Zinc is a very important metal for healthy bodies; however extreme doses of zinc are poisonous. Excessive intake of zinc has been shown to suppress iron and copper absorption. Acute toxic oral doses of zinc lead to nausea, vomiting, diarrhea and abdominal cramps and gastric bleeding. The free zinc ion has been shown to be a powerful Lewis acid that is corrosive; as a result the presence of hydrochloric acid in the stomach reacts with zinc to give zinc chloride which is corrosive.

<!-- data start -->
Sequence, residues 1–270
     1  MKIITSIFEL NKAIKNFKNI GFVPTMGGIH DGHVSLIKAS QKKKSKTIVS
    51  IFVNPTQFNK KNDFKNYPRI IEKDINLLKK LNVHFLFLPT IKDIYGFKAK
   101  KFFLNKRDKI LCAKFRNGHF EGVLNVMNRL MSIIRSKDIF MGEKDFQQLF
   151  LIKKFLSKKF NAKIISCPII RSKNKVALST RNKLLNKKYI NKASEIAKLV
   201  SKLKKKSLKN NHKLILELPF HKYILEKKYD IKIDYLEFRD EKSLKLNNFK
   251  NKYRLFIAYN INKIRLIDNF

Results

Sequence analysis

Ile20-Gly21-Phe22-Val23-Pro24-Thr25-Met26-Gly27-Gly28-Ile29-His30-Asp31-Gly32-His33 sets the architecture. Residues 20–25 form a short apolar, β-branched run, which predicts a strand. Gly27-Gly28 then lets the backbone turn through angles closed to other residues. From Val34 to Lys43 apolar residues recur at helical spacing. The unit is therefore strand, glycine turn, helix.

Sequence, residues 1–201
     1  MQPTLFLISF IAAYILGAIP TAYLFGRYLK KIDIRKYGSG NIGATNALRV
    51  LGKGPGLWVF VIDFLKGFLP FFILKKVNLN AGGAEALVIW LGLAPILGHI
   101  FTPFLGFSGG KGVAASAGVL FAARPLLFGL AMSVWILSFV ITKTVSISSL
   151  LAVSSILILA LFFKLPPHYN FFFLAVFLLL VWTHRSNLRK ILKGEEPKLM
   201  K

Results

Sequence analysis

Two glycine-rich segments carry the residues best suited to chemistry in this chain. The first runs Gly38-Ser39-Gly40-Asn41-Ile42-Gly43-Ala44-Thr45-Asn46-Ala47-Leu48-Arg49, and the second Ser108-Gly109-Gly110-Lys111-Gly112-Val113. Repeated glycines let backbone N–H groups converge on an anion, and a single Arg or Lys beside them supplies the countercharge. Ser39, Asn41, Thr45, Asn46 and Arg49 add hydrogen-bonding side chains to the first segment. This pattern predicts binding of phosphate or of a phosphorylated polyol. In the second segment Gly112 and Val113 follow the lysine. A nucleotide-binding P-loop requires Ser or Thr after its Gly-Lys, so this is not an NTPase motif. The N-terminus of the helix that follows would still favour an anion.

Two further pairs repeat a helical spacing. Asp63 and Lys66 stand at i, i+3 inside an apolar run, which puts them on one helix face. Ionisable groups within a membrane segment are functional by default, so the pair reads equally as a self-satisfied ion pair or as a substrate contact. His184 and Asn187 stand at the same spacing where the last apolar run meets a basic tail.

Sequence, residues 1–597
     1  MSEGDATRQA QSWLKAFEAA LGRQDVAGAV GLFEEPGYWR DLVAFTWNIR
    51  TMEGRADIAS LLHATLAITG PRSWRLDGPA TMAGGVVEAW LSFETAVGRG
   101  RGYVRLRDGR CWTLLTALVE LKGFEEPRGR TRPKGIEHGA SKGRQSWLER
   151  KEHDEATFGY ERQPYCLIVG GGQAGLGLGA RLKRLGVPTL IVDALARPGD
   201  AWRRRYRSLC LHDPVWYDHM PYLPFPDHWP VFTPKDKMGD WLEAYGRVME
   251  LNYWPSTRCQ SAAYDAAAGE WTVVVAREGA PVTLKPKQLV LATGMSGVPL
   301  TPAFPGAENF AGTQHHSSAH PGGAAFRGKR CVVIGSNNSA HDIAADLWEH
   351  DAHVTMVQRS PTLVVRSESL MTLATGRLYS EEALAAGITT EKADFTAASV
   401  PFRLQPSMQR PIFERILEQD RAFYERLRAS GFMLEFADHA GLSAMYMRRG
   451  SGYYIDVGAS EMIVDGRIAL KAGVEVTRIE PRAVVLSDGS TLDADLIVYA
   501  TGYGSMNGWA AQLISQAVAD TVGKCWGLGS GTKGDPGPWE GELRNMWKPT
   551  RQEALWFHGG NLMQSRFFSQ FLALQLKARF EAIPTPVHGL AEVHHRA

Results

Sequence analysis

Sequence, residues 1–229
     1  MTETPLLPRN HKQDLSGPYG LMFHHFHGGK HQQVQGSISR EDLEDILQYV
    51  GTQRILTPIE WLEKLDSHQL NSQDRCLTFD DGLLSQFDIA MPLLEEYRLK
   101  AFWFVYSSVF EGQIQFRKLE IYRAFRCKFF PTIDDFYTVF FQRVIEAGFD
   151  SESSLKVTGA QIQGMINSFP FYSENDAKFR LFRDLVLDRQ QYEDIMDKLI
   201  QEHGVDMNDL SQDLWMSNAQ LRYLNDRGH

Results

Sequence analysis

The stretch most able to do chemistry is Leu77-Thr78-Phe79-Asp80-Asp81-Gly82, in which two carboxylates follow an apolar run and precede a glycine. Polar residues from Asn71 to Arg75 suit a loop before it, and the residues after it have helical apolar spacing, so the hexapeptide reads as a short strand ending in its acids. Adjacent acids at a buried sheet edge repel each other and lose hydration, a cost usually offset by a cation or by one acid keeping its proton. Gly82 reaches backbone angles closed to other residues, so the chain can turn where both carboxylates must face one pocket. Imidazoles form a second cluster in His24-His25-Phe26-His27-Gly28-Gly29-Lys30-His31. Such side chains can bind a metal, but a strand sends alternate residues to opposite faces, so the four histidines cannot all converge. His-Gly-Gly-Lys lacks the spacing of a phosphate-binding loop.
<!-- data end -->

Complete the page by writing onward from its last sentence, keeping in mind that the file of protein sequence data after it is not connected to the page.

This is what causes stomach upsets and in severe cases bleeding. The presence of zinc in the oral gastrointestinal tract causes burning in the mouth and throat, pharyngitis, esophagitis, hypocalcaemia and pancreatitis. Ingestion of zinc phosphide which metabolized under acidic conditions in the stomach to produce phosphine gas causes abdominal pain, lethargy, hypotension, cardiac arrhythmias, circulatory collapse, pulmonary edema, seizures, renal damage, leucopenia and coma. Inhalation of freshly formed zinc oxide, mainly as a result of welding of galvanized materials has been seen to cause zinc chills or zinc shakes. If not detected early and treated zinc poisoning can cause fungal sepsis and gastrointestinal bacteria whose effects are usually fatal. If no urgent medical action is taken, death can occur in days to weeks (Opresko, 2009). Chronic oral exposures to zinc causes hypo chromic microcytic anemia. Others include metal fume fever, gastrointestinal distress and liver failure. Currently, the accepted RfD for both sub chronic and chronic exposures is 0.2 mg/kg/day while that of zinc phosphide is 0.0003 mg/kg/day and the sub chronic RfD is 0.003 mg/kg/day (Opresko, 2009; McCarthy, 2008).